Fashion designers inspired by traditional Mexican motifs, embroidery and colors exhibit their designs at a fashion fair in Mexico City. This is funded by the government to support marginalized indigenous communities.

    Traditional blouses worn by the Tzotzil people of Chiapas, Michoacan embroidery and Oaxacan shirts were among the garments featured in the first of seven shows at the “Original” event. “Every product made in our community is a legacy from our ancestors,” said Carlos Alberto Delgado Martinez, one of the approximately 500 exhibitors at the event, which runs until Sunday at the former presidential residence of Los Pinos.

    preserve and protect culture

    “It is important that we artists preserve our culture and protect it from plagiarism, because every piece of clothing has a meaning. Every embroidery has an explanation,” he added. As with the first edition in 2021, the “Original” event intends to tackle the plagiarism of indigenous textiles by foreign fashion brands and create a fairer fashion industry.

    “We have nothing against[major fashion houses]using motifs of pre-Hispanic origin,” as long as they recognize “the intellectual work and creativity” of Mexican artists, President Andres Manuel Lopez Obrador said on Friday. “The government is working to restore the dignity of indigenous peoples,” Lopez Obrador’s spokesman Jesus Ramirez Cuevas told AFP. “Mexico would not be what it is without its indigenous peoples,” he said, lifting the government’s welfare programs for the impoverished communities. “It is time for them to play a central role in building the country’s identity. Today we recognize their art,” he added. Mexico has filed several lawsuits against major clothing brands such as Zara, Mango and Shein over alleged cultural appropriation.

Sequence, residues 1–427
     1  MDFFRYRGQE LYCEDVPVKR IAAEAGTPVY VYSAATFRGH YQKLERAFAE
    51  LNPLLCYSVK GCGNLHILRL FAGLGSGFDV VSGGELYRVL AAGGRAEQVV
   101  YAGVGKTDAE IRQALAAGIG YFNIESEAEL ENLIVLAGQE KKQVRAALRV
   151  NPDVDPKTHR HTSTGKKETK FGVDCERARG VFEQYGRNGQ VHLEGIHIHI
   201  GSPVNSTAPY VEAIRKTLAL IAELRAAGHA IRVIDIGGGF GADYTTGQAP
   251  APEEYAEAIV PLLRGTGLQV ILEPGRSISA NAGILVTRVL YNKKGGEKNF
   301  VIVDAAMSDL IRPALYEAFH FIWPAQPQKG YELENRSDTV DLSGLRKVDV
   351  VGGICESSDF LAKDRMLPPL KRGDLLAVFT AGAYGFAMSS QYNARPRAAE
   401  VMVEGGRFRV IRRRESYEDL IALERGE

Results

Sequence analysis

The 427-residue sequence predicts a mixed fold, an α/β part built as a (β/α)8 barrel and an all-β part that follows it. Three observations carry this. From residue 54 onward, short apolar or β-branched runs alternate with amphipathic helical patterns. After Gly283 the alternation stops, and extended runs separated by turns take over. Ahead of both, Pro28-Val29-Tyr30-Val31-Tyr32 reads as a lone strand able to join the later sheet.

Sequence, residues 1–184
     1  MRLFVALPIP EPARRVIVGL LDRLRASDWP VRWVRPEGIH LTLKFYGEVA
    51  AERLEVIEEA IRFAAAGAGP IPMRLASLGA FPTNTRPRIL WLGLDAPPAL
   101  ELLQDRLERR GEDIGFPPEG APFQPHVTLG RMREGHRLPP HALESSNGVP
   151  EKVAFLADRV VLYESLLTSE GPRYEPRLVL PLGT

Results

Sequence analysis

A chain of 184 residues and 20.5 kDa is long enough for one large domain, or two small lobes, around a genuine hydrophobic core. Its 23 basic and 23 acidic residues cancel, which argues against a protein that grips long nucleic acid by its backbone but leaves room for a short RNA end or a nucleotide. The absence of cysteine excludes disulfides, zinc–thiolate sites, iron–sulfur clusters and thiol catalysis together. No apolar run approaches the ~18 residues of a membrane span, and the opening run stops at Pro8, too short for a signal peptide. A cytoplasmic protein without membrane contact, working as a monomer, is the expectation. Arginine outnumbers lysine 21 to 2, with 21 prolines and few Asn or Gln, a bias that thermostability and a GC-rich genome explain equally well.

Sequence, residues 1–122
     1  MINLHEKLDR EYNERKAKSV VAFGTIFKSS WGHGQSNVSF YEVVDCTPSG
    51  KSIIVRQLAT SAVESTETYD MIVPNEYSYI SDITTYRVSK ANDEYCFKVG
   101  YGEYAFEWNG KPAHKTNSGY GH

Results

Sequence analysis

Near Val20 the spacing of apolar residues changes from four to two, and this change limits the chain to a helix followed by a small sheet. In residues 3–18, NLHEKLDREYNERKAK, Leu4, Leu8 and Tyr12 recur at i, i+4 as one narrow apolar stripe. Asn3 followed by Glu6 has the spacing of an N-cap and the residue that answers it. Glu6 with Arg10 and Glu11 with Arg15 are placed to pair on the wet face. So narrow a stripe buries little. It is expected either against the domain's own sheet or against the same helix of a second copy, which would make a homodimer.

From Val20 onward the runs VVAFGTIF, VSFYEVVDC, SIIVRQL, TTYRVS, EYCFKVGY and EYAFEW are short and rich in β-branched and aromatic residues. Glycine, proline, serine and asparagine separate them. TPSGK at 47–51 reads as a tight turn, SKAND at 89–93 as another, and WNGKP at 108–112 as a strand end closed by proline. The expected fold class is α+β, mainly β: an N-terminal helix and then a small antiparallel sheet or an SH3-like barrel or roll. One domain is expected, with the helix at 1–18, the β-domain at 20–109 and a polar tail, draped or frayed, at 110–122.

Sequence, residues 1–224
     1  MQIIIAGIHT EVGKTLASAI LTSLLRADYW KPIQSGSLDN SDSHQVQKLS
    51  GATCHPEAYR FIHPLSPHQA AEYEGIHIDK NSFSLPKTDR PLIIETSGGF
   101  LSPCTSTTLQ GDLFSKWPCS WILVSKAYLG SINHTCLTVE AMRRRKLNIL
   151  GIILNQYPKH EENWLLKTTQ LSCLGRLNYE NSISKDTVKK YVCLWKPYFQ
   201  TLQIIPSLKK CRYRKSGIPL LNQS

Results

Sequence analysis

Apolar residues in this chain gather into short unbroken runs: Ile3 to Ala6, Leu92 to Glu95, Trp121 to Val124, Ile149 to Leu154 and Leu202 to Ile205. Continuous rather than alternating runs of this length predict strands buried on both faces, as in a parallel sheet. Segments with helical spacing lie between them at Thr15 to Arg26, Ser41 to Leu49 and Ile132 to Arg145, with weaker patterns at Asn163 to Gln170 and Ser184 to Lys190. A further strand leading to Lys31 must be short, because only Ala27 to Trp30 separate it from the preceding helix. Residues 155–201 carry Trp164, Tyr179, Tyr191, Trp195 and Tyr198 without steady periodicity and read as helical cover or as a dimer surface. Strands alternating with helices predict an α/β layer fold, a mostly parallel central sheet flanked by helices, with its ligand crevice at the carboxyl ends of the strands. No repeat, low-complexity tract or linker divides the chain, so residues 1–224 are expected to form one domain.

“Ethical collaboration” between fashion brands and artists

    Last month, US fashion house Ralph Lauren apologized after Lopez Obrador’s wife Beatriz Gutierrez accused the company of plagiarizing Indigenous designs. French designer Isabel Marant also apologized in 2020 for using the traditional patterns of an indigenous community. The Mexican Ministry of Culture has called for “ethical collaboration” between fashion brands and artists. “No to plagiarism. No to cultural appropriation. Yes to original creations and the communities behind them,” said Culture Minister Alejandra Frausto.

    The government is also trying to repatriate pre-Hispanic archaeological pieces from abroad and halt foreign auctions of such items. Lopez Obrador called them “immoral”. “You want to buy Mexican art? Buy this one, it’s alive,” Frausto said, pointing to models wearing blouses, shirts and belts made by indigenous artists. (afp)

    ttn-12